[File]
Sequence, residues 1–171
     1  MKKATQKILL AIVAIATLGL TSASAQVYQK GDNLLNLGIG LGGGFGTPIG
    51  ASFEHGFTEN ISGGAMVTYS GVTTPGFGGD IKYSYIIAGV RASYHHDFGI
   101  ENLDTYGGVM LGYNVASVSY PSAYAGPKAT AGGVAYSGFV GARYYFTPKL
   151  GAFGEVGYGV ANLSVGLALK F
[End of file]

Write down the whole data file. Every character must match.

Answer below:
Sequence, residues 1–171
     1  MKKATQKILL AIVAIATLGL TSASAQVYQK GDNLLNLGIG LGGGFGTPIG
    51  ASFEHGFTEN ISGGAMVTYS GVTTPGFGGD IKYSYIIAGV RASYHHDFGI
   101  ENLDTYGGVM LGYNVASVSY PSAYAGPKAT AGGVAYSGFV GARYYFTPKL
   151  GAFGEVGYGV ANLSVGLALK F